Meet the Lab

Meet the Graduate Students

Ivan Avila

Ivan was a student at UNL through the Minority Health Disparities Initiative's REU (Research Experience for Undergraduates) summer 2014 program. As part of that program, he was a research assistant on a study that examined Latinx stressors, psychological dysfunction, and coping strategies. Ivan graduated from University of Texas, Brownsville in May 2015, as the last class at UTB, before the big reorganization into University of Texas Rio Grande Valley (UTRGV)!! He completed the MA at UTRGV, and we are collaborating on issues related to Latinx stress and health disparities.

Jenna Perkins Arroyo

 Jenna is an advanced graduate student who completed her JD. She is licensed to the state of New York and has been practicing military law.  Her research focuses on several topics in the intersection of psychology and law, including the effects of apology on issues of culpability in both civil and criminal lawShe is currently a JAG in the AirForce and an assistant professor of law at the Air Force Academy. She is working on completion of her dissertation research, which focuses on biases against those with ADHD diagnoses. 



Meet the Current Research Assistants

Kimberly Ruiz

Kimberly is from Grand Island, Nebraska and she is interested in psychological issues that effect Latinx families and children. She has finished data collection on a project that examines stress and psychological dysfunction in Latinx individuals. As a McNair 2016 scholar, she is currently investigating Latinx parents' perceptions of wellbeing and how that might impact expectations for their children's outcomes. She was a sponsored UCARE researcher in 2016-2017 and conducted a project on the impact of race, SES, and immigration status on attributions about minor infractions. She has also been assisting with a project on disparities between patient views of cultural competence of health care providers and health care providers' views on their own cultural competence. She has entered the MA program in Marriage and Family Therapy at UNL ! 

Madeline J. Schlosser

Madeline received the BA in 2016. She is preparing to enter graduate training. She is involved in research on the potential threatening aspect of demographic changes in the United States, and if such threat modifies notions of patriotism and immigration atttiudes. She is analyzing data on a study that examines the impact biased attitudes toward Mexican Americans in a courtroom contexts where Mexican American defendants testify with accented speech or Spanish. Madeline won the Harry K. Wolfe Award in 2017! She will be presenting results of a study on beliefs in termination of immigrant rights and the effect on immigration attitudes at American Psychology Law Society meeting in 2018.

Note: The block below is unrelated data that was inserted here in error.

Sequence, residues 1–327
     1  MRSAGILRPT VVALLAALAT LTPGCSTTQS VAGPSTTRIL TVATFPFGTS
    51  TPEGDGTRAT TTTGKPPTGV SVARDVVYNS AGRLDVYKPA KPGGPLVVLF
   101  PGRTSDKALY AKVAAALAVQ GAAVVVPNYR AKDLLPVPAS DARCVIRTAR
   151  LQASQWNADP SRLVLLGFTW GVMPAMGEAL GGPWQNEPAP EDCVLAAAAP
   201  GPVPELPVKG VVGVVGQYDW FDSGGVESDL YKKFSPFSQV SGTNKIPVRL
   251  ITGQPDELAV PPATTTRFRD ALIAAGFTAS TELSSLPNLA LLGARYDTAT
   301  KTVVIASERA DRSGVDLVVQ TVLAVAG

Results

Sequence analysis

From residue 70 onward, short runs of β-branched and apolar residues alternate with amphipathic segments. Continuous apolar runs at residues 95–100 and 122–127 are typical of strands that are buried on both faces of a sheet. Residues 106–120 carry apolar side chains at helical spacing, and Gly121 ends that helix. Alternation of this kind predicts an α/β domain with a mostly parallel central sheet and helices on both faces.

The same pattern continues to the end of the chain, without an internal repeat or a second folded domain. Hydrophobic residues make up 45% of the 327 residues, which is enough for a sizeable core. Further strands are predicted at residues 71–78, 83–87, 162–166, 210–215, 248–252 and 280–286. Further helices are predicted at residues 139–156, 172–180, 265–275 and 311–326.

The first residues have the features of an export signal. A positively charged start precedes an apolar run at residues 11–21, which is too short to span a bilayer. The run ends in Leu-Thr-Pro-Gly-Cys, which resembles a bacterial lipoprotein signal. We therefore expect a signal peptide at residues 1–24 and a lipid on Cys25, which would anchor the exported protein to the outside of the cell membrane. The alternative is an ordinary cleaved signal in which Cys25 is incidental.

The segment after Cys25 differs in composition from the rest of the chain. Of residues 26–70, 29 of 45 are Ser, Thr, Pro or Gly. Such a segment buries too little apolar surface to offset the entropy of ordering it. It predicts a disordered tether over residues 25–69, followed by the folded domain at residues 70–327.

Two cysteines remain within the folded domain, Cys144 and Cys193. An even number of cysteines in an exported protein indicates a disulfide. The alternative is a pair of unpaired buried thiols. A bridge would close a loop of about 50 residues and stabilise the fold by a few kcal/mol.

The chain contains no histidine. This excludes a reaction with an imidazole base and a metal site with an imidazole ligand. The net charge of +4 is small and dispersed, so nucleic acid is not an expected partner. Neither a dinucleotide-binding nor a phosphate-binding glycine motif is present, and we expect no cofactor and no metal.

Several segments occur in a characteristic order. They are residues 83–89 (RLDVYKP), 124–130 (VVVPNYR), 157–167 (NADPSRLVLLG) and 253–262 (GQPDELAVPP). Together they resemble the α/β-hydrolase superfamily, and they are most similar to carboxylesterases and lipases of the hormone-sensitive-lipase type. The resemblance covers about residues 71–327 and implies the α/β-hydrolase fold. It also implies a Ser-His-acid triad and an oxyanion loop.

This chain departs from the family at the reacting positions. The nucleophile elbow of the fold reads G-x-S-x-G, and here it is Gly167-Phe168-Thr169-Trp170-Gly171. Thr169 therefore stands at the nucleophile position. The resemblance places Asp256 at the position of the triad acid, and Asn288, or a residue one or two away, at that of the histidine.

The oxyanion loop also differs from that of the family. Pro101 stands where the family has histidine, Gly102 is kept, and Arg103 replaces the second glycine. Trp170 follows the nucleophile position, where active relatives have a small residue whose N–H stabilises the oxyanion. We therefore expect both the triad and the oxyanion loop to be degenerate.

Kiley Gilbert Kiley is interested in how race biases influence decision making in legal contexts. She is also interested in the effects of exoneration on subsequent perceptions of exonerees, and she is interested in policy regarding immigration preferences. She is currently a 2017-2018 UCARE recipient and the research will focus on the issue of cultural inertia and the meaning for patriotism attitudes and threat perceptions. She will be a 2018 McNair Scholar, and the research will examine the issue of perceptions about exoneration for exonerees, based on race and socio-economic status. She is interested in Latinx issues in general.
Trevor Obermueller Trevor is interested in the effects of stigma on psychological outcomes. He has received a UCARE award for the 2017-2018 academic year. The project will focus on legal decision making for defendants with double stigmas (i.e., race and sexual orientation). Trevor will also be involved in several other projects.
Alicia Alvitia Alicia is now in her second year in the lab. She completed data collection on a study that examined preferences for death penalty assignment in the face of exonerating information when the race of the defendant was varied. Results of that study will be presented at 2018 American Psychology Law Society meeting. She will began a new study Fall 2017 that examines how anti-Mexican American bias influences notions of incriminating information for Mexican American defendants. 
Joseph Hams

Joe graduated in 2017 and is currently enrolled in a MA program in counseling psychology at KU (Rock Chalk!). He is interested in psychological issues involving immigration, and he was in a "study abroad" program in Spring 2015 and in Summer of 2017 in Lima, Peru. He collected data on a study to determine attitudes toward immigration based on country of origin and type of immigration. The results will be presented at the 2018 Midwestern Psychological Association meeting, and publication of the results is in the near future. He was a UCARE researcher during 2016-2017 and examined child labor preferences as a function of the child's race and of conservative ideology. This data will be published in the near future, and findings will be presented at the Midwestern Psychological Association meeting in 2018. 


Past Graduate Student Lab Members

Scott Freng, PhD

Scott is now a professor of practice at University of Wyoming.

Lisa Harrison, PhD

Lisa is a professor at California State University, Sacramento.

Russ Espinoza, PhD

Russ is a professor at California State University, Fullerton. He and Dr. Willis Esqueda continue to collaborate on research related to Latinx issues, and particulary Latinx defendants and legal outcomes.

Leslie Martinez

Leslie received the PhD in December 2015. She is teaching at University of the Incarnate Word in San Antonio, Texas.

If you are interested in joining our lab, please contact Dr. Willis-Esqueda.